The Sutter Buttes (Maidu: Histum Yani or Esto Yamani, Wintun: Olonai-Tol) are a small circular complex of eroded volcanic lava domes which rise as buttes above the flat plains of the Sacramento Valley in Sutter County, Northern California. They are situated just outside Yuba City in the northern part of the state's Central Valley.
Bird's eye view of the Sutter Buttes, rising over the town of Yuba City, California
|Elevation||2122+ feet (647+ m)|
|Listing||California county high pt 56th|
|Topo map||USGS Sutter Buttes|
|Type of rock||volcanic neck|
At the base of the mountain is the small town of Sutter. Both the town and the buttes are named for John Sutter, who received a large land grant in the area from the Mexican government.
The small range forms a rough circle approximately 10 miles (16 km) from north to south and east to west.
They were formed about 1.6 million years ago in the early Pleistocene Epoch by volcanic activity. They are the remnants of a volcano that has been dormant for about 1.4 million years. Some geological references suggest that the volcano represents the southernmost boundary of the Cascade Volcanoes, but there are significant differences in age and form compared to the other volcanoes in that range. Others suggest that its age places it with the volcanic elements of the California Coast Ranges; its composition is closer to that range but does have significant differences. The volcano is believed to have erupted along a now inactive fault line.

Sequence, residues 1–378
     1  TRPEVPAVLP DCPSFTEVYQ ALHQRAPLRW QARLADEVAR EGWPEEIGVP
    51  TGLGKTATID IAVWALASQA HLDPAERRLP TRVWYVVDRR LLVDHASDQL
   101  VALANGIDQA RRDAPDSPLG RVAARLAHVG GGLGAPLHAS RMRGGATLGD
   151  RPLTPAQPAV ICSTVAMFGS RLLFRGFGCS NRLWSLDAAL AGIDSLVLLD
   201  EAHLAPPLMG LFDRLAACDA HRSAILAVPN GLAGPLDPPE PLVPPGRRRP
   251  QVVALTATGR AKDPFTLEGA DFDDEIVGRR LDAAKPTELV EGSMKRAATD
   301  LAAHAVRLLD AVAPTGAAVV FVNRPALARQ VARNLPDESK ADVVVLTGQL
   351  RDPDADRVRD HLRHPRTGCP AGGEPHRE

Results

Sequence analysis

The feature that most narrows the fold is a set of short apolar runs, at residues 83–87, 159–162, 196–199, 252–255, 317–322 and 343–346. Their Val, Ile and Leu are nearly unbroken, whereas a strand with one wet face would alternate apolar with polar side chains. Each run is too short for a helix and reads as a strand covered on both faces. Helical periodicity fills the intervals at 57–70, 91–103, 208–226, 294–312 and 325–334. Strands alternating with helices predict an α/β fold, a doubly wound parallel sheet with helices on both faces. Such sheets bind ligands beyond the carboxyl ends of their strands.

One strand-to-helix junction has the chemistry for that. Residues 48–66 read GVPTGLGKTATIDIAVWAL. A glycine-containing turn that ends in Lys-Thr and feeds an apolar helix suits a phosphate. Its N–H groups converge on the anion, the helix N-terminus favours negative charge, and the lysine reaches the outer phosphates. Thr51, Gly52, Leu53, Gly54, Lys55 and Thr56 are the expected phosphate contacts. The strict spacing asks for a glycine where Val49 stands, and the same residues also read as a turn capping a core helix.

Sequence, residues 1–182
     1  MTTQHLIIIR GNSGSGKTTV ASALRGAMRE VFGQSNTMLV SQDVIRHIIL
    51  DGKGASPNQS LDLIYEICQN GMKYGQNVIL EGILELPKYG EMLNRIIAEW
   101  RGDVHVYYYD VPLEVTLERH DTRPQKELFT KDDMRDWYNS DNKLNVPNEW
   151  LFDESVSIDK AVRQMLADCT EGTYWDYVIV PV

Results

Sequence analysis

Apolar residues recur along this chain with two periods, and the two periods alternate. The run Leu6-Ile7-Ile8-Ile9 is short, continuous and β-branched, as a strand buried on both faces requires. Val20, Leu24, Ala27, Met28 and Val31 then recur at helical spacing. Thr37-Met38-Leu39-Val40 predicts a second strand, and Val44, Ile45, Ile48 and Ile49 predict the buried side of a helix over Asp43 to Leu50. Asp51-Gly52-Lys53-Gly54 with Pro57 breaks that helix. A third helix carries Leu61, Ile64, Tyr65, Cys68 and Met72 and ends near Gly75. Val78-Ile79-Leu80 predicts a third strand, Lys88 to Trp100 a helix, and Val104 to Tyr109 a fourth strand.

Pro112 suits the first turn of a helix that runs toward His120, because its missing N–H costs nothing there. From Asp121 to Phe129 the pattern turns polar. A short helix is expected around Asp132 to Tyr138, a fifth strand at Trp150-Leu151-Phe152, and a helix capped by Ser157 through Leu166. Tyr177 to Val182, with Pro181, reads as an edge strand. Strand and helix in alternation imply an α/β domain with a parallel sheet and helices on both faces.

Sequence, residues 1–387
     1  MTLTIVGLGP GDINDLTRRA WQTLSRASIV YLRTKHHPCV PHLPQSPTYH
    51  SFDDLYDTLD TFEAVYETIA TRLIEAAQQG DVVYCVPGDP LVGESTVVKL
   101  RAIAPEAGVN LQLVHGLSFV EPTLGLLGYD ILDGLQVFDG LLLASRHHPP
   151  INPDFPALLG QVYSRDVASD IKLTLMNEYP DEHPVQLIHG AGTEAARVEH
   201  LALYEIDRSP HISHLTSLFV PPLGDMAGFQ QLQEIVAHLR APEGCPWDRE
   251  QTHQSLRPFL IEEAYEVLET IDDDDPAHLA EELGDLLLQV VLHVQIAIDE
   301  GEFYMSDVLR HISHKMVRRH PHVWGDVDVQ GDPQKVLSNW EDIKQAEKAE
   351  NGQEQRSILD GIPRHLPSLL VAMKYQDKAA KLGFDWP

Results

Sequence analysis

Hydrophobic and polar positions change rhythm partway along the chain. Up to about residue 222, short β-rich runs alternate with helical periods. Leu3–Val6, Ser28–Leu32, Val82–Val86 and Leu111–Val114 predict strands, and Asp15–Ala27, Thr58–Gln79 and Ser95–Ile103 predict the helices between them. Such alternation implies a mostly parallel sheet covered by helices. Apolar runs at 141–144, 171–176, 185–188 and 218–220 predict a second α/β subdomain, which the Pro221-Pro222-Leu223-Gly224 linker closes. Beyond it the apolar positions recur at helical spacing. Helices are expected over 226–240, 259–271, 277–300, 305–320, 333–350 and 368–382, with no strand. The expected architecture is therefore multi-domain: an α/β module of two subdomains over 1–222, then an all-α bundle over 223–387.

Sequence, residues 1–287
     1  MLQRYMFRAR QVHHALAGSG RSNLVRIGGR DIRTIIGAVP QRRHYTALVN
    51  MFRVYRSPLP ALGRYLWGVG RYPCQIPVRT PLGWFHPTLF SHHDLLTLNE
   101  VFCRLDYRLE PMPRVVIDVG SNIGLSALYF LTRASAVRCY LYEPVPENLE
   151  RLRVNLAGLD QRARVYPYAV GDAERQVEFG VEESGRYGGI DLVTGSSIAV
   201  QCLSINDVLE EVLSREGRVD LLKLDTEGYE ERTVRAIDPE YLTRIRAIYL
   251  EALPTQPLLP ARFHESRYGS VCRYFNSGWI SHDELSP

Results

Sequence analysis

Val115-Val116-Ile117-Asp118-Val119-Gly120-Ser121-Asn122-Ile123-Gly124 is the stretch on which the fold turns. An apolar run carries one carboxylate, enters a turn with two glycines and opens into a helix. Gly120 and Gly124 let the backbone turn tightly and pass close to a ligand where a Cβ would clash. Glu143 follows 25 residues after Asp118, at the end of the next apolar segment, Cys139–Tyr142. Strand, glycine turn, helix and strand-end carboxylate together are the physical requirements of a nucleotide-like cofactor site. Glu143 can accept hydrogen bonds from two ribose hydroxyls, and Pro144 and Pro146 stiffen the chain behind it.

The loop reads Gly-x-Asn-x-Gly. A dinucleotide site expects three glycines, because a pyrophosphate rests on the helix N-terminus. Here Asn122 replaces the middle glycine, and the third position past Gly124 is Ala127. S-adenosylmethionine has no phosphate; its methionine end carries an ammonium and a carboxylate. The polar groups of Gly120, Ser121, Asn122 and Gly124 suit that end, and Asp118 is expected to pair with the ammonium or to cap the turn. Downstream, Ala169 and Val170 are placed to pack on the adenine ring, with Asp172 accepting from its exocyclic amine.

Geologists also believe it is the largest example of sedimentary material that has been uplifted by volcanic activity.
Exploration of natural gas leaks was first undertaken at South Butte by Dexter Cook in 1864, when he dug a 65-foot shaft. Sutter Buttes Oil Company drilled a well in 1927 to a depth of 2,900 feet, and other wells were drilled on the western margin. Buttes Oilfields, Inc., drilled a well in 1932, but it wasn't until June 1935 though that it drilled the first of four gas wells in the area of T. 15 N., R 1 E.
Soils and vegetationEdit
The rugged central part of the Buttes has a stony, brown sandy loam of variable depth and good-to-somewhat-excessive drainage. The smoother perimeter has more variable soil, with clay or silt loam areas among the sandy loams. These soils support grassland or oak woodland. The Sutter Buttes contain many species of flora and fauna. Wildflowers are represented by numerous taxa; included in these many wildflowers is the yellow mariposa lily, Calochortus luteus.
Before European settlementEdit
The Sutter Buttes figure prominently in the creation stories and other traditions of the indigenous Maidu and Wintun peoples. The Nisenan Maidu lived on the East side of the Buttes, while the Patwin Wintun lived on the West side. The Maidu name for the Sutter Buttes is Histum Yani (middle mountains of the Valley) or Esto Yamani, while the Wintun name for the Sutter Buttes is Onolai-Tol. All of these names roughly mean "The Middle Mountains".
While there were only seasonal encampments in the buttes, both of these tribes visited the buttes regularly to gather acorns and other foods or to hunt game. The Buttes were also a center of regional Native American religion. According to anthropologist Alfred Kroeber, the Patwin village where the city of Colusa now stands was the “hotbed” where the Kuksu Cult was established. This religion spread through much of northern California. Ceremonies were performed in earthen dance lodges where spirit impersonators would re-enact ancient mythological events.
In the Maidu religion, the Sutter Buttes is the place where dying people came to ascend to the afterlife.
In Mexican, then US CaliforniaEdit